How to straighten and uncrease a wrinkled dollar bill
How to Straighten Out a Dollar Bill
Have you ever been rejected by a candy machine because your dollar was too wrinkly? Or maybe you want every dollar bill in your money clip to be as smooth and flat as the day it was printed? Here are a few quick fixes for taking the folds out of those bills.
Ironing the Bill
Place your dollar on a flat surface.The ironing board is the most logical place to iron your bill. If you don’t have an ironing board, you can use a nearby table, but make sure to place a shirt or other linen on the ironing area so that you don’t burn the table.
Moisten the bill with water.Spray a little water onto the dollar bill. You can do this with the spray function featured on the iron itself. Moisture helps remove those particularly pesky wrinkles during ironing.
- If you don’t have an iron with a spray function, use a spray bottle or run the bill under a sink that is set to low pressure.
Turn your iron down to the lowest heat.The goal is to dry the moisture out of the bill with the lowest heat necessary. Higher heat settings run the risk of damaging the dollar bill.
Iron the dollar slowly.Use straight movements from one direction to the other. Repeat this a few times until the bill no longer appears to further flatten.
- Take care to avoid ironing folds into the bill. If you are having trouble getting the bill to lay flat, place it flat inside of a shirt. This will keep the bill weighed down flat while still allowing you to iron the bill.
- Start ironing the bill as your iron is still heating up. This is particularly helpful if your iron's lowest setting is still particularly hot.
Let the bill cool for 60 seconds.The bill will be very hot to the touch immediately after ironing, so be careful! After the bill has cooled, you may flip the bill and repeat the ironing process on the new side of the bill.
- You may reapply some moisture to the other side of the bill if it still has a large amount of folds or wrinkles.
Store flat for safe keeping.Once you are satisfied that the bill cannot get any flatter, you are finished. Pick up your newly flattened bill and place alongside the others in your wallet.
Cornering the Bill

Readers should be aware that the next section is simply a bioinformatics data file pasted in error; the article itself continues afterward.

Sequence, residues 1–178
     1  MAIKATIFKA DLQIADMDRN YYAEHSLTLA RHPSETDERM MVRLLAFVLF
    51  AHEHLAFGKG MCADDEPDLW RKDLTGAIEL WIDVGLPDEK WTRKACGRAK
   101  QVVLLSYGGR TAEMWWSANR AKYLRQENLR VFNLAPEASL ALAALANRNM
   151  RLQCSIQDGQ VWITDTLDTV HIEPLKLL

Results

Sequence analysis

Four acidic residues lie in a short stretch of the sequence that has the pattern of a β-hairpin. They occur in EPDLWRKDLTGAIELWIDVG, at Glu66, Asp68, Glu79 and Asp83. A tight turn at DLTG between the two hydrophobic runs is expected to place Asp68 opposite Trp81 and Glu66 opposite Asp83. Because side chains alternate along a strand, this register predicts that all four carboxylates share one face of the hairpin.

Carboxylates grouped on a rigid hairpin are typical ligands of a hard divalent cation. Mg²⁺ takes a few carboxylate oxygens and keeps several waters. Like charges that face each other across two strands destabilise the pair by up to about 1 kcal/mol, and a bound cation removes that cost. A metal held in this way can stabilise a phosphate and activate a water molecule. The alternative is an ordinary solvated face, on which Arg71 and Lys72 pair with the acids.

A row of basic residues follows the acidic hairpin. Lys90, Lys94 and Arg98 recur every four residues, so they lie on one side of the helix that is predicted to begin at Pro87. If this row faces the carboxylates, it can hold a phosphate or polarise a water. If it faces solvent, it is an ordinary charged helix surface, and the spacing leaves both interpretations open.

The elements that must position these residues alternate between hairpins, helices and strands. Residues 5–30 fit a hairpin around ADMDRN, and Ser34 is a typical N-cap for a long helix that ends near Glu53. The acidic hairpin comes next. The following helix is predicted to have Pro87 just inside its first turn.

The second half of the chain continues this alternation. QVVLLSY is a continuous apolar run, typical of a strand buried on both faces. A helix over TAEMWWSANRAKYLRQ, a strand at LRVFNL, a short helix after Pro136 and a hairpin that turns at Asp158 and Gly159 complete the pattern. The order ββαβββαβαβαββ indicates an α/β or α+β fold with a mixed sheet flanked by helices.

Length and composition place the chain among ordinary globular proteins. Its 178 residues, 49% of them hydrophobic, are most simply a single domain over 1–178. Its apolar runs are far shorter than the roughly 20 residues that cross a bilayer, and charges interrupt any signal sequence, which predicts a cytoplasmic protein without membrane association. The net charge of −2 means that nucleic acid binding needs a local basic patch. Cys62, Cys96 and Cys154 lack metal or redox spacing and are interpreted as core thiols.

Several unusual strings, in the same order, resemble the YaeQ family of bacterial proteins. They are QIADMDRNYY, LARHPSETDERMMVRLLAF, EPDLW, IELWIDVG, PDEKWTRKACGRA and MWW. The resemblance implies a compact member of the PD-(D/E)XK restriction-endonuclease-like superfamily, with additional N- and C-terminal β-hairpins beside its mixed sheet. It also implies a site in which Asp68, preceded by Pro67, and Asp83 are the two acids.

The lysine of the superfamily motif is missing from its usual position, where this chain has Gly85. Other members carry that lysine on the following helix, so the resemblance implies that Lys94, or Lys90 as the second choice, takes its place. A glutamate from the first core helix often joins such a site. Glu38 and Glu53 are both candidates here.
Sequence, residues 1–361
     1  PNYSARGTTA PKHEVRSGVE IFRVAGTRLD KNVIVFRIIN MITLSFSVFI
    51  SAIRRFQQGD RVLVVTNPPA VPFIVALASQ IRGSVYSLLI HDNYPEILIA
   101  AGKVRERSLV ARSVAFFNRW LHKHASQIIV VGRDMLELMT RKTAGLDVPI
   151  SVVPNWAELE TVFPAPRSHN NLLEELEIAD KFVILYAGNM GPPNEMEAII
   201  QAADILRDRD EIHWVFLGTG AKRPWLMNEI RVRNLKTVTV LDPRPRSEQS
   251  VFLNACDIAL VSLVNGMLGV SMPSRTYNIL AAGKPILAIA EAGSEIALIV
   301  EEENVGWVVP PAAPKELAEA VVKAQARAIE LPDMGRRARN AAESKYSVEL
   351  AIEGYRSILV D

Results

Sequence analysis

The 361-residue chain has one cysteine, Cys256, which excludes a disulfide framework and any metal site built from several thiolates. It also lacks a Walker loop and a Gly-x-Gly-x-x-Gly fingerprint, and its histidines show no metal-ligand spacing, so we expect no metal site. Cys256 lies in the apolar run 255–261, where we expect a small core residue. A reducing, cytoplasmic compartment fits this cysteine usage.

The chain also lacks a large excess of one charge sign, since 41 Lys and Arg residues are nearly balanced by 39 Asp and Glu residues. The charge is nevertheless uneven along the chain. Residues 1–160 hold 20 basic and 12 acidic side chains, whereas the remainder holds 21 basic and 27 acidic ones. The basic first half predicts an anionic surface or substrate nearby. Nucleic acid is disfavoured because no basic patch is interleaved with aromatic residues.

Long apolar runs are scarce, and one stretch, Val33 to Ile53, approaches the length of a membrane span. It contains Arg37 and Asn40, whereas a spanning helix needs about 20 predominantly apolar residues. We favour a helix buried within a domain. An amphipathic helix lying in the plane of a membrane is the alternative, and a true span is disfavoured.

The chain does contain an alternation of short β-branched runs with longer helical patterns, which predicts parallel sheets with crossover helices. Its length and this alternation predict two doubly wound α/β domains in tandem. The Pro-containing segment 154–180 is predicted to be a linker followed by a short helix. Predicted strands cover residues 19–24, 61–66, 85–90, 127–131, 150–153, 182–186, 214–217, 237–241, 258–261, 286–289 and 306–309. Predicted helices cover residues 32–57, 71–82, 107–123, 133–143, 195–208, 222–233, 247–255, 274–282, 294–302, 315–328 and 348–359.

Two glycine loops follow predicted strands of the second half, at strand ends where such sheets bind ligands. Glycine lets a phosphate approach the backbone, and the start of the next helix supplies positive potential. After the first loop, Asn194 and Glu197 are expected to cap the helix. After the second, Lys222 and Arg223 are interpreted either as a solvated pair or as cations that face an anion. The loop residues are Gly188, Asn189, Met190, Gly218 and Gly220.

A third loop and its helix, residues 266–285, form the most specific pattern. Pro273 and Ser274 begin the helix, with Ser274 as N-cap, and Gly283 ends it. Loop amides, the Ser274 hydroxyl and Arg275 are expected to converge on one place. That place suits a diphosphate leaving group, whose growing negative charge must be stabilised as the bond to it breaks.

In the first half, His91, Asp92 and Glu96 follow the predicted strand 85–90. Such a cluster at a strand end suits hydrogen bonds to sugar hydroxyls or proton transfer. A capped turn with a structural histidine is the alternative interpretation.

Hold the crumpled bill at each end.You want to hold the bill as straight as possible between both of your fingers. Hold it taut, but take care not to accidentally pull the bill apart in your hands.
Run the dollar bill against a cornered surface.Make sure the entire surface of the bill is firmly dragged across the edge of where two planes meet. The goal is to force the wrinkles and folds out of the bill.
- The corner of a vending machine is a convenient place to try this method, given that the vending machine likely wouldn’t accept your bill in the first place. However, any edged surface will do, including wall, desk or table corners.
- If the corner you are using doesn’t seem to be straightening out the bill, try using a corner with a more inclined or sharper edge.
Flip the dollar in your hands and corner the other side.If you only run one side of the bill against a corner, you run the risk of creating new folds or bends in the direction you were applying force to the bill. Flip the bill and run the opposite face across the corner same as you did to the first in order to create as much parity as possible.
Check the corners of your dollar bill.It’s difficult to straighten the corners of the bill out using the edge of a wall. When you are done straightening the body of the bill, check the corners for “dog ears,” or small bends at the corners of the bill. If a dog ear is present, fold and crease the ear in the opposite direction to try to level out the bend (similar to removing creases from rugs or cloth).
Repeat until flattened.Repeat the whole process until the darned vending machine takes your dollar bill. If the machine continues to reject the bill, you might have to use another bill.
Pressing the Dollar Bill
Moisten the dollar bill.Spray the dollar bill with water. Use a water bottle to mist evenly. Unlike when ironing a dollar bill, you want the bill to be noticeably moist or humid. However, it is not advised to completely soak the bill in water through submersion.
Press the bill between two heavy, flat objects.Ideal objects to use for pressing include heavy books such as dictionaries or phone directories. These objects press the bill flat and hold it in place while it dries.
- Place an absorbent material between the heavy object and the bill to prevent water damage to the pressing object and to facilitate drying. Try cheesecloth, hemp or other common absorbent fabrics to help absorb moisture from the bill.
- If you don’t particularly care about the book in question, the bill along with the absorbent material can be placed within the book itself. Lay the book flat to ensure the bill dries without bends or folds.